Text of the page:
Wines of Summer: Vinho Verde

Still searching for that perfect hot-weather wine in the waning days of summer? Try a bottle of Portugese Vinho Verde.

Vinho Verde is produced in the Minho region, located in the northwest corner of the country. The area was first demarcated as a wine region in 1908, and the name comes from the green color that covers the landscape. For the most part, the wine is made from grape varieties unfamiliar to us, such as Alvanrinho, Arinto, Avesso, Loureiro and Trajadura.

Even so, the white Vinho Verde is becoming a favorite of American consumers. It makes the perfect aperitif for many reasons—it’s bone-dry, low in alcohol, slightly effervescent, and stimulates the appetite with brilliant acidity. Best of all, in these wobbly economic times, it’s a bargain; most Vinho Verde can be purchased for less than $10.

Perhaps best known in the U.S. are the wines of Aveleda, from a picturesque estate that has been family-owned since the 11th century. Quinta da Aveleda ($8) is ripe and tart, filled with citrus flavors and bright acidity. Their Casal Garcia ($7) is more exotic, with notes of tropical fruit, banana and melon. Quinta de Azededo ($9) is tight and focused, filled with layers of lyrical citrus.  Azevado also makes Gazela ($6), which is clean, crisp and fresh, a delightful match with finger foods and hors d’oeuvres of all sorts.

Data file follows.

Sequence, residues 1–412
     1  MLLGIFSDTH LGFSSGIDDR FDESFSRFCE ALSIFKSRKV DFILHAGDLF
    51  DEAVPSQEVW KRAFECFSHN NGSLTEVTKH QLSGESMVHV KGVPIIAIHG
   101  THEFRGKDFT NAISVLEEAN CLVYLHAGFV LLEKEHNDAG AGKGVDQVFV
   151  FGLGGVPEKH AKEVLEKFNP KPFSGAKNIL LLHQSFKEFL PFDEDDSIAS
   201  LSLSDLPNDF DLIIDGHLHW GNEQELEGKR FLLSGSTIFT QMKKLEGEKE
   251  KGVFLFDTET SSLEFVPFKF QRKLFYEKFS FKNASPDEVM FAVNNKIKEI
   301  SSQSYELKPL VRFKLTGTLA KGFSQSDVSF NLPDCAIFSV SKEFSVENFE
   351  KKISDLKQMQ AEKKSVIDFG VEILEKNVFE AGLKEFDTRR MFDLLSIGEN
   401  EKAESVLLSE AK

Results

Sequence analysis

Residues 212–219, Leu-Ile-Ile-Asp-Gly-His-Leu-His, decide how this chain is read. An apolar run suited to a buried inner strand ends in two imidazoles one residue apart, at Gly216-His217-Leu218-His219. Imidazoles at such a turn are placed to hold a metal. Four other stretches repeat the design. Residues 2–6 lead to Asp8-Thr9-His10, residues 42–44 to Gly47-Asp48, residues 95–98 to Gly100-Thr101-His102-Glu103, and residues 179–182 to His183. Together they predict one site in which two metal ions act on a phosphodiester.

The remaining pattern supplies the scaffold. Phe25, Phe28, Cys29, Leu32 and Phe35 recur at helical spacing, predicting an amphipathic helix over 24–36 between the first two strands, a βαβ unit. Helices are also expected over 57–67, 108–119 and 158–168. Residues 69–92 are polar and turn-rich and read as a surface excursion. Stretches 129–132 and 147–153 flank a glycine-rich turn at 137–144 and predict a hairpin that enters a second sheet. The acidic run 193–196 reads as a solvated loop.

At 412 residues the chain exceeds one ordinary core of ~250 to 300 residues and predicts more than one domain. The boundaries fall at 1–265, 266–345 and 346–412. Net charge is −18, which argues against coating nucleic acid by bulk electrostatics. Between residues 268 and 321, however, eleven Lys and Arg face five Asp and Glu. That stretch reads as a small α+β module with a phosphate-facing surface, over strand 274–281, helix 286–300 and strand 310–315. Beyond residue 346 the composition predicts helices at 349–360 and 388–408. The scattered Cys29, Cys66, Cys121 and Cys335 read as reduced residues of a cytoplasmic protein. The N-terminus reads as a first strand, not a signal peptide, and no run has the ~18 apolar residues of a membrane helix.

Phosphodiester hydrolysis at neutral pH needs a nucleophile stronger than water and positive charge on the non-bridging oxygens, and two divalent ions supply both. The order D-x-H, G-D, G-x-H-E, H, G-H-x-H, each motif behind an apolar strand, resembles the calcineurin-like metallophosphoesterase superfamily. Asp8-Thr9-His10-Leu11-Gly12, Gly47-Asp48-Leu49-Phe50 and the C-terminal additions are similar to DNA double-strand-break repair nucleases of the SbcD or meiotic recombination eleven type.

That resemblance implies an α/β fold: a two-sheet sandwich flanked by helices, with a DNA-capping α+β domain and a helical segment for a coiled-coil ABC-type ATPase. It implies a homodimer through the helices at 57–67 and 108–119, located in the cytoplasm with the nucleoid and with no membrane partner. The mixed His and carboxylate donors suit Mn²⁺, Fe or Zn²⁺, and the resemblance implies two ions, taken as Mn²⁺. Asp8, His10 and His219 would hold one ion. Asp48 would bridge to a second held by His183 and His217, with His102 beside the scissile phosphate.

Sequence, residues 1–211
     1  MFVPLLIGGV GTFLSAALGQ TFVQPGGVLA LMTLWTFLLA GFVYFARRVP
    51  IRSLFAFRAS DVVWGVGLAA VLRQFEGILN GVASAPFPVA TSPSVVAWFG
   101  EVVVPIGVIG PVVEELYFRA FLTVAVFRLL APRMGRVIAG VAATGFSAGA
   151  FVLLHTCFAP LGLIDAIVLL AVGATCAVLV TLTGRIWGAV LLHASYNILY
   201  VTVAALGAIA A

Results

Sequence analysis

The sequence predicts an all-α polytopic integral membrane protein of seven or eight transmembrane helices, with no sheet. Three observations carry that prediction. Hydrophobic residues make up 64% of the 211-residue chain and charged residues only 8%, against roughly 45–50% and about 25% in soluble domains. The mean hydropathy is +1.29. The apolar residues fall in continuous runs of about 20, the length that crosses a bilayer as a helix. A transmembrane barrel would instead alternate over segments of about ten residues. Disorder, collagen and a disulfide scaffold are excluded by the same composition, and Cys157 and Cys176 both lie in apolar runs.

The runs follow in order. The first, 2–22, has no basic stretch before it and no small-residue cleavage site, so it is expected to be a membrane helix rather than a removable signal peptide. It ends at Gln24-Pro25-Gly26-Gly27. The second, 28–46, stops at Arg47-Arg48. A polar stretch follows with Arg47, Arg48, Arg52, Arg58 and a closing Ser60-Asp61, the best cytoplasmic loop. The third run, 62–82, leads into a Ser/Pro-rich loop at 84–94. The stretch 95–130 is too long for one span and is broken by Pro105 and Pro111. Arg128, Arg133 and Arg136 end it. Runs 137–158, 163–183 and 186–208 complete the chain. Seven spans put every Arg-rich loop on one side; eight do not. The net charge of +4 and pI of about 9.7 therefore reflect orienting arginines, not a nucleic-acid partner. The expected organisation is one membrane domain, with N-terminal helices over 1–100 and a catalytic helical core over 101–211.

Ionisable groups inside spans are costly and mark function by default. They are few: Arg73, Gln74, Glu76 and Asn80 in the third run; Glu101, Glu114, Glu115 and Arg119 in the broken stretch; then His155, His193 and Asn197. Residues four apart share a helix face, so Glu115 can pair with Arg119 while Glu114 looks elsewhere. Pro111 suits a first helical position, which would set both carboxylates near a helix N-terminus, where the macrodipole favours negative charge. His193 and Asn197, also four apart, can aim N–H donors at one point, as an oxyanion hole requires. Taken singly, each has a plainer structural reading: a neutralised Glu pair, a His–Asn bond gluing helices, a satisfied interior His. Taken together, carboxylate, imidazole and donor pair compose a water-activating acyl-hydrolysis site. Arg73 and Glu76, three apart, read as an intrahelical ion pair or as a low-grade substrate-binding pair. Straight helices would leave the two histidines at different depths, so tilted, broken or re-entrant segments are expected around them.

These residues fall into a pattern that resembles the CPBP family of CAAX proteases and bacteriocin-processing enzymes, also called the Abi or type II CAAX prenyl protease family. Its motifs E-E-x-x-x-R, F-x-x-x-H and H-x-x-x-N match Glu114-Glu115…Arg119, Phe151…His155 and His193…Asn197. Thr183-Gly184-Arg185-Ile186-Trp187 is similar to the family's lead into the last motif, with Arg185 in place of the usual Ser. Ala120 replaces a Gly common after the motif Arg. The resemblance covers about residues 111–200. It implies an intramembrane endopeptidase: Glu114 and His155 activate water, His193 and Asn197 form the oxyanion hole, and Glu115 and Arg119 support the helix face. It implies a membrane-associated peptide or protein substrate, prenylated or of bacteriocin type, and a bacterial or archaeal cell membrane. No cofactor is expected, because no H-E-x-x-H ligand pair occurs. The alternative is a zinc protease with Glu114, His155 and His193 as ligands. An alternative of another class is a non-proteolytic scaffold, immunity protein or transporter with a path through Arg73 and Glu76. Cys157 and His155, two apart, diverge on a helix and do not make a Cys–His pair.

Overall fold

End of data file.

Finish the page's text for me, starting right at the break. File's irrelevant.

For a more full-bodied wine, try Quinta do Ameal ($16) from the sub-region of Lima, which has a rich mineral backbone highlighted by flavors of lemon and lime. To find a Vinho Verde to match with seafood or white meat dishes, journey to Moncao in Galicia, on the border with Spain. The main grape variety in this area is Alvarinho, the same grape used to make Albarino across the frontier in Rias Baixas. At the cooperative Adega de Moncao, I had the opportunity to sample a vertical of Alvarinho Deu la Deu going back to 1998. Think Vinho Verde doesn’t age? Wines with more than a decade of age were still rich and generous, with pinpoint acidity and a texture reminiscent of older Riesling.

If you’re fortunate enough to be travelling in this region, start in the city of Porto and work your way north. The roads are in pristine condition and clearly marked, the people are welcoming and friendly, the local seafood is just-caught and abundant, and you’ll come away with a different concept of Portugese wine in general and Vinho Verde in particular (



Facebook Comments